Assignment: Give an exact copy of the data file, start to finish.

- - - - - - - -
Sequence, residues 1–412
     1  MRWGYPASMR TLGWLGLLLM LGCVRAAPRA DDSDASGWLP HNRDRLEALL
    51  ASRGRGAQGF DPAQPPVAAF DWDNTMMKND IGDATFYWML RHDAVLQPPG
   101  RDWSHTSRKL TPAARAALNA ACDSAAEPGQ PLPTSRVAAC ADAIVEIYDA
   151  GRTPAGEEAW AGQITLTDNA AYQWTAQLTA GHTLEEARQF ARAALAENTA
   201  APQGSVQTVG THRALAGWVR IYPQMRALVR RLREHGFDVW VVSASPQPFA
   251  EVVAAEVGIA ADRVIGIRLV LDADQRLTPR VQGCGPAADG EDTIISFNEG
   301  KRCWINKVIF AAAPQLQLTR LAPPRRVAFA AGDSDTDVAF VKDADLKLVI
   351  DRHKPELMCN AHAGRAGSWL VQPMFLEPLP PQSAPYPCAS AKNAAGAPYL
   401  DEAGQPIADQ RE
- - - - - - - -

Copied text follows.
Sequence, residues 1–412
     1  MRWGYPASMR TLGWLGLLLM LGCVRAAPRA DDSDASGWLP HNRDRLEALL
    51  ASRGRGAQGF DPAQPPVAAF DWDNTMMKND IGDATFYWML RHDAVLQPPG
   101  RDWSHTSRKL TPAARAALNA ACDSAAEPGQ PLPTSRVAAC ADAIVEIYDA
   151  GRTPAGEEAW AGQITLTDNA AYQWTAQLTA GHTLEEARQF ARAALAENTA
   201  APQGSVQTVG THRALAGWVR IYPQMRALVR RLREHGFDVW VVSASPQPFA
   251  EVVAAEVGIA ADRVIGIRLV LDADQRLTPR VQGCGPAADG EDTIISFNEG
   301  KRCWINKVIF AAAPQLQLTR LAPPRRVAFA AGDSDTDVAF VKDADLKLVI
   351  DRHKPELMCN AHAGRAGSWL VQPMFLEPLP PQSAPYPCAS AKNAAGAPYL
   401  DEAGQPIADQ RE